Century Bancorp, Inc. and Subsidiaries
Consolidated Selected Key Financial Information (unaudited)
(in thousands, except share data)September 30,September 30,
Performance Measures:
Earnings per average Class A share, diluted, quarter$1.96 $1.81 
Earnings per average Class A share, diluted, year-to-date$5.50 $5.20 
Return on average assets, year-to-date 0.70% 0.75%
Return on average stockholders’ equity, year-to-date 11.78% 12.33%
Net interest margin (taxable equivalent), quarter 1.96% 2.08%
Net interest margin (taxable equivalent), year-to-date 2.01% 2.08%
Efficiency ratio, Non-GAAP (1) 55.4% 59.1%
Book value per share$65.27 $59.08 
Tangible book value per share – Non-GAAP (1)$64.79 $58.59 
Capital / assets 5.77% 6.21%
Tangible capital / tangible assets – Non-GAAP (1) 5.73% 6.16%
Common Share Data:
Average Class A shares outstanding, diluted, quarter and year-to-date 5,567,909  5,567,909 
Shares outstanding Class A 3,655,469  3,650,449 
Shares outstanding Class B 1,912,440  1,917,460 
Total shares outstanding at period end 5,567,909  5,567,909 
Asset Quality and Other Data:
Allowance for loan losses / loans 1.12% 1.22%
Nonaccrual loans$1,419 $1,066 
Nonperforming assets$1,419 $1,066 
Loans 90 days past due and still accruing$49 $ 
Accruing troubled debt restructures$2,240 $2,404 
Net charge-offs (recoveries), year-to-date$(134)$146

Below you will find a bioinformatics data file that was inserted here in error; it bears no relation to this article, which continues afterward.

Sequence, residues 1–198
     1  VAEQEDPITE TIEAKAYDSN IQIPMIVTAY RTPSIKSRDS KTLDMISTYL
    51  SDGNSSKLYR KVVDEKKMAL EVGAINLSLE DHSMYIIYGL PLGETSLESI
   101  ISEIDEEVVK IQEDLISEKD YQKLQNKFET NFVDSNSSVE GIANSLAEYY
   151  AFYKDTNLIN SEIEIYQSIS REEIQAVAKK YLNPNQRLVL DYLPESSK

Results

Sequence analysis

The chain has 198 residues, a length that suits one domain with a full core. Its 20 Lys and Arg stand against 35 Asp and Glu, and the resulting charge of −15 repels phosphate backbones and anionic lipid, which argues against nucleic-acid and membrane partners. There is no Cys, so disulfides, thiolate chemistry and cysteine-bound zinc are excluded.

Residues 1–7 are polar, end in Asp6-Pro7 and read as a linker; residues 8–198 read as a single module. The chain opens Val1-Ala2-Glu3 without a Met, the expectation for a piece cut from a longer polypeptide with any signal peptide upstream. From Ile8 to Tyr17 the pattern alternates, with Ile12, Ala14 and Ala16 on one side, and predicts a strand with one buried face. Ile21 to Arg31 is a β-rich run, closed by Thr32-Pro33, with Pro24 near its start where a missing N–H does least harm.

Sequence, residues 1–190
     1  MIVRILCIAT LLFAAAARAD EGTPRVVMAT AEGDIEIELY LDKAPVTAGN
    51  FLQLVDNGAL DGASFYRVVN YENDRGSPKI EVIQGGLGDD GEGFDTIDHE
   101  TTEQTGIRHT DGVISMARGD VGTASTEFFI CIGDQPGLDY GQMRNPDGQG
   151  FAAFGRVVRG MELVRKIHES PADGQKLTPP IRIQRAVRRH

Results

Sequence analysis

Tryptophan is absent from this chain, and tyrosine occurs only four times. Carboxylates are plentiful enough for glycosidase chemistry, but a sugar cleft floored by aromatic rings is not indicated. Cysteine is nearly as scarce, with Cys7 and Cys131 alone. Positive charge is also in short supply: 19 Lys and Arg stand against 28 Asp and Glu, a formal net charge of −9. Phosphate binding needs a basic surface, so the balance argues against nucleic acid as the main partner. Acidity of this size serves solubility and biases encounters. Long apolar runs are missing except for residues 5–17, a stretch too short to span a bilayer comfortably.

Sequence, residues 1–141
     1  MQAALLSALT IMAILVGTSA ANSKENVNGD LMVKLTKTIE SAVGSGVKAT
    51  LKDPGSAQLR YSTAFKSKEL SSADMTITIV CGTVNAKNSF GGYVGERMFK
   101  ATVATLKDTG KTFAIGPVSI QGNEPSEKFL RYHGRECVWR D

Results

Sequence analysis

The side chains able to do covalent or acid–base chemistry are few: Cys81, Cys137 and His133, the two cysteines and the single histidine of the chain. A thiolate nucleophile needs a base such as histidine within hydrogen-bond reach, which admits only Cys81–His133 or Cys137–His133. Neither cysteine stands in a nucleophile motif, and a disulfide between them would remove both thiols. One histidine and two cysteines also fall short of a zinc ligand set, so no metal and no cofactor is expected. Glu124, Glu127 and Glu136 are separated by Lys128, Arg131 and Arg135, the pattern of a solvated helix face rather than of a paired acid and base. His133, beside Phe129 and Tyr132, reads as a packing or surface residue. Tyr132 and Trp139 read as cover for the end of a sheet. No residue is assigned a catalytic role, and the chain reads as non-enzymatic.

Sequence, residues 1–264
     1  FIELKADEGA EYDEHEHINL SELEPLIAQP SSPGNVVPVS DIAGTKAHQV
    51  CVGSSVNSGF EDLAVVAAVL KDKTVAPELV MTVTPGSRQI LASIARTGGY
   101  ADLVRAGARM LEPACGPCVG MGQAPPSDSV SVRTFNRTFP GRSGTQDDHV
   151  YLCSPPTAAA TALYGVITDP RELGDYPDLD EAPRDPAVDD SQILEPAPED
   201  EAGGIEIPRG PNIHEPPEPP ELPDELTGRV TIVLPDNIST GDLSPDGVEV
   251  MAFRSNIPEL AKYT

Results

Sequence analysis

Leverage ratio 6.79% 7.25%
Common equity tier 1 risk weighted capital ratio 11.36% 11.90%
Tier 1 risk weighted capital ratio 12.40% 13.12%
Total risk weighted capital ratio 13.39% 14.13%
Total risk weighted assets$3,370,541 $2,867,422 
(1) Non-GAAP Financial Measures are reconciled in the following tables:
Calculation of Efficiency ratio:
Total operating expenses(numerator)$53,382 $53,917 
Less: other real estate owned expenses   (139)
Total adjusted operating expenses(numerator)$53,382 $53,778 
Net interest income$78,350 $70,458 
Total other operating income 12,520  13,710 
Tax equivalent adjustment 5,558  6,875 
Total income(denominator)$96,428 $91,043 
Efficiency ratio – Non-GAAP 55.4% 59.1%
Calculation of tangible book value per share:
Total stockholders’ equity$363,434 $328,960 
Less: goodwill 2,714  2,714 
Tangible stockholders’ equity(numerator)$360,720 $326,246 
Total shares outstanding at period end(denominator) 5,567,909  5,567,909 
Tangible book value per share – Non-GAAP$64.79 $58.59 
Book value per share – GAAP$65.27 $59.08 
Calculation of tangible capital / tangible assets:
Total stockholders’ equity$363,434 $328,960 
Less: goodwill 2,714  2,714 
Tangible stockholders’ equity(numerator)$360,720 $326,246 
Total assets$6,295,426 $5,299,181 
Less: goodwill 2,714  2,714 
Tangible assets(denominator)$6,292,712 $5,296,467 
Tangible capital / tangible assets – Non-GAAP 5.73% 6.16%
Capital / assets – GAAP 5.77% 6.21%


William P. Hornby, CPA
Phone: 781-393-4630
Fax: 781-393-4071